Reason, a media outlet best known for its libertarian commentary, recently posted a fun article on some of the latest items being sold in vending machines. Newer models parlay everything from cupcakes to men?s underwear, to bicycle helmets, even gold bars.
But the real future of the industry is likely robotic. Supermarket giant Kroger, for example, recently opened a 24/7 automated kiosk that sells grocery items on the Ohio Northern University campus, the Business Courier reports, while KHOU.com notes that a ?free-standing, robotic convenience store called “Shop 24,” opened at an apartment complex in Houston. Among the items for sale, according to the article: ?cleaning supplies, pinto beans, salsa and macaroni and cheese.?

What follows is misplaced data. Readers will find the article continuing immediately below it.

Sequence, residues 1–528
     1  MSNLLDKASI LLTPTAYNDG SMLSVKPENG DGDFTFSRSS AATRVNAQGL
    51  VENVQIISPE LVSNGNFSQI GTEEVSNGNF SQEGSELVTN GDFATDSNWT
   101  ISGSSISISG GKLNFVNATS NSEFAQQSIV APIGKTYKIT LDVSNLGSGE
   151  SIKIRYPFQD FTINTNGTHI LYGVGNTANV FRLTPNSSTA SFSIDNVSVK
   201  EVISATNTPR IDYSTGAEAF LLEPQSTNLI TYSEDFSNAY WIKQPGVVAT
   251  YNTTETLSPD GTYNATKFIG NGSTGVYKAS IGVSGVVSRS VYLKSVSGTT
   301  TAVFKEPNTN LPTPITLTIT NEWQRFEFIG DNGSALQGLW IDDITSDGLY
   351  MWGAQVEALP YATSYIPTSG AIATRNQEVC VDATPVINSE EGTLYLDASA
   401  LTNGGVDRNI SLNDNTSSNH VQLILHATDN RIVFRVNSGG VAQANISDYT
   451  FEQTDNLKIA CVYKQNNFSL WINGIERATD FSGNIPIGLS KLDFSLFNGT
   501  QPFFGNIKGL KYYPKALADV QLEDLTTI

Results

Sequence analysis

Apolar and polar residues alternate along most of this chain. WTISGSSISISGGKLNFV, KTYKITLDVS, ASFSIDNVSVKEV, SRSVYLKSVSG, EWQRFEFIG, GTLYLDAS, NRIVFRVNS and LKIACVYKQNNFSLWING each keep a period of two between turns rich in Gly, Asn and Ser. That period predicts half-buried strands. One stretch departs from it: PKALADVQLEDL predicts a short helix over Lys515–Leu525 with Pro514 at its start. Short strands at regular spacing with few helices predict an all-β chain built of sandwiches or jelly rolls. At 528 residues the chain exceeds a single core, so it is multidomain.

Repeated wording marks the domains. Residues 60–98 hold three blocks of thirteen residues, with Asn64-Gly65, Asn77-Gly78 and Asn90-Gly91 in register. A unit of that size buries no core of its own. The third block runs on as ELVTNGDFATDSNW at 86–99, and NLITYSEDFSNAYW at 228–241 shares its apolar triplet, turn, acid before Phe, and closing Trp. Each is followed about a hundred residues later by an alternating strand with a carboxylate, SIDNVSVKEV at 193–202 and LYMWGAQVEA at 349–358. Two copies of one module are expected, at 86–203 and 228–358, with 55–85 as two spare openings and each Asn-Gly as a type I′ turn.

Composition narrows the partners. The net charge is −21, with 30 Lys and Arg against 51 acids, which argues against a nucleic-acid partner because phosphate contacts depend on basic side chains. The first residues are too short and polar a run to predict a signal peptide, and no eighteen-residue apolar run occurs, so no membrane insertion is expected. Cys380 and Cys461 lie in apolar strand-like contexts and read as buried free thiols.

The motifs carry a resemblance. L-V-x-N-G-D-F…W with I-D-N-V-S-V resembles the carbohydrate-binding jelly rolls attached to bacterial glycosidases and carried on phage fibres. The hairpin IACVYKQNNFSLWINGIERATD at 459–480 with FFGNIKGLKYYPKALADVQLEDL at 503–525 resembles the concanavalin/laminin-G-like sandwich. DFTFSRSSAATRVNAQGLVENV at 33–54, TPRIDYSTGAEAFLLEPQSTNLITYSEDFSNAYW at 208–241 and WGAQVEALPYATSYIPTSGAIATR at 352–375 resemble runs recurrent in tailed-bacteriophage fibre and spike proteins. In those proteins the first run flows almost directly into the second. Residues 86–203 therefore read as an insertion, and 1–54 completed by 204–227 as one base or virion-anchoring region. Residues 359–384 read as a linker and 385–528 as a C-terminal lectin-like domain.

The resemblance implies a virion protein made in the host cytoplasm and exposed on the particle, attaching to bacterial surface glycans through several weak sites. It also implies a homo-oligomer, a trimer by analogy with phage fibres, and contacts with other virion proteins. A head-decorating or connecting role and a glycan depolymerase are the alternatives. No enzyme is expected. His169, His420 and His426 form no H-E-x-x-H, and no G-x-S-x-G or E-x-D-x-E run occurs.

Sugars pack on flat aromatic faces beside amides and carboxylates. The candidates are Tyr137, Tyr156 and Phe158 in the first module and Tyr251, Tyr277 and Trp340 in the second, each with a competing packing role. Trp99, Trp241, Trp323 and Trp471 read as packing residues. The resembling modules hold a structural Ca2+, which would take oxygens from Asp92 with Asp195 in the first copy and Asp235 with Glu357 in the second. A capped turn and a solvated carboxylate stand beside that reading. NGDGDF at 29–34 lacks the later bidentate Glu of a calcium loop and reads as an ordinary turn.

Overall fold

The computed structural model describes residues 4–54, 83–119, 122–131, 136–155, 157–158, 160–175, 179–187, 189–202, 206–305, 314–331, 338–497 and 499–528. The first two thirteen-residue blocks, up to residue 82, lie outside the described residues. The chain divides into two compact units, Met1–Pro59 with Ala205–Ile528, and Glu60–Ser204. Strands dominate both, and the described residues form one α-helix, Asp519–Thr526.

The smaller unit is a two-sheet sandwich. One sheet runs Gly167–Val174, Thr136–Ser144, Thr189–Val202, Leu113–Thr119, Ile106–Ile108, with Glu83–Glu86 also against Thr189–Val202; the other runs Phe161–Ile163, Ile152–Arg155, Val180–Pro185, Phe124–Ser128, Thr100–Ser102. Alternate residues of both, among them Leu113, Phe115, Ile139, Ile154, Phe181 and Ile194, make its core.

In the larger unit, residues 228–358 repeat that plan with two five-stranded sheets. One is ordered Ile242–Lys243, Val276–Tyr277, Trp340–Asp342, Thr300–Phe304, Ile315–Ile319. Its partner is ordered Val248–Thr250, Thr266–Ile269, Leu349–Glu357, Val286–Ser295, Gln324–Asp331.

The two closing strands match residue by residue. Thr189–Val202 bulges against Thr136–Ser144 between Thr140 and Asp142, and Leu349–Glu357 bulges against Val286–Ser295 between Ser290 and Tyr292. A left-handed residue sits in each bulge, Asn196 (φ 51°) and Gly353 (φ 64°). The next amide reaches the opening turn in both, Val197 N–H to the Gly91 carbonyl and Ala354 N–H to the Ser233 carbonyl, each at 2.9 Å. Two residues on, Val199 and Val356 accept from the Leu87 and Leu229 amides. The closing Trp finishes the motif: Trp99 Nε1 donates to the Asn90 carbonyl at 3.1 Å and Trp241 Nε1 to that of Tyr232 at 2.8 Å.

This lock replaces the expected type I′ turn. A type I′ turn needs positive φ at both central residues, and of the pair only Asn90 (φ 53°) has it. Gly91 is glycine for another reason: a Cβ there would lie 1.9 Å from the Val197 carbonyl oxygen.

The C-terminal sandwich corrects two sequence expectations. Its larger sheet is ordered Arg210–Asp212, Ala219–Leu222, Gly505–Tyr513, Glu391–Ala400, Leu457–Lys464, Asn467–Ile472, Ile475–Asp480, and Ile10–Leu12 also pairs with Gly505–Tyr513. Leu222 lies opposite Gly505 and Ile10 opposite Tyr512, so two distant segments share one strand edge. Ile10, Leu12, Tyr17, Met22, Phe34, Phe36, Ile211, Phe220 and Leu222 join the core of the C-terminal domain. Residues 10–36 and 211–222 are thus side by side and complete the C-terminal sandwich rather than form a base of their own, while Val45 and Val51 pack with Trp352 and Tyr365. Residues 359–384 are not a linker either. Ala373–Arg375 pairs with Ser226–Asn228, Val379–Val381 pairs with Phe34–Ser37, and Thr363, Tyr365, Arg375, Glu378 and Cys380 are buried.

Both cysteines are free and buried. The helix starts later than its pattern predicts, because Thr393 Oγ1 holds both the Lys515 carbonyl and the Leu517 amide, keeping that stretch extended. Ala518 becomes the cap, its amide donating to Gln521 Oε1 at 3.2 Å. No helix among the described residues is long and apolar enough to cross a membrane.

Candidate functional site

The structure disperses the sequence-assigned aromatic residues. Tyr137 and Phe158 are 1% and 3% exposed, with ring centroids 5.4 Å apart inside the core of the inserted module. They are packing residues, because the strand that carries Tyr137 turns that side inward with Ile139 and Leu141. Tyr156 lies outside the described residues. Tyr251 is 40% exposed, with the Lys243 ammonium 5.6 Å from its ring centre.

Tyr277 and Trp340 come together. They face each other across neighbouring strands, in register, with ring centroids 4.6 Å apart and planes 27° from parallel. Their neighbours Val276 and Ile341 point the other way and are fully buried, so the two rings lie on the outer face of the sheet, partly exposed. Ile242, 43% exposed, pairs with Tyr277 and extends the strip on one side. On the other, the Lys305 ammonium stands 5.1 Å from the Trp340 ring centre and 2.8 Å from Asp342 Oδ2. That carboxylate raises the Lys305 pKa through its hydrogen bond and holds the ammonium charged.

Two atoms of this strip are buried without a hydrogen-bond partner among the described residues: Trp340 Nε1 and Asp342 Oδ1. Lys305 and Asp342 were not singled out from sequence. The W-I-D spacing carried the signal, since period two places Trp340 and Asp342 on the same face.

All this might not seem like much of a stretch for a nation that?s quickly grown accustomed to DVD-vending kiosks and airport vending machines that dispense small electronic devices. But robotics-related technology could soon add far more futuristic sophistication to an age-old industry.
In December, for example, the BBC reported that Intel and Kraft had collaborated on an intelligent vending machine, which ?uses an optical sensor..to deduce the shape of the human purchaser’s face. The information is ?used to determine the sex of the shopper and place them in one of four age brackets. This data is then used to determine what, if any, product the shopper should be served.?
Knowing who your customers are is one thing, but actively pursuing them is quite another, which is what this Japanese Coco-Cola vending machine does, and it?s no doubt just the beginning of what a marriage between robotics and vending has in store for us. Shopping may never be the same.Read More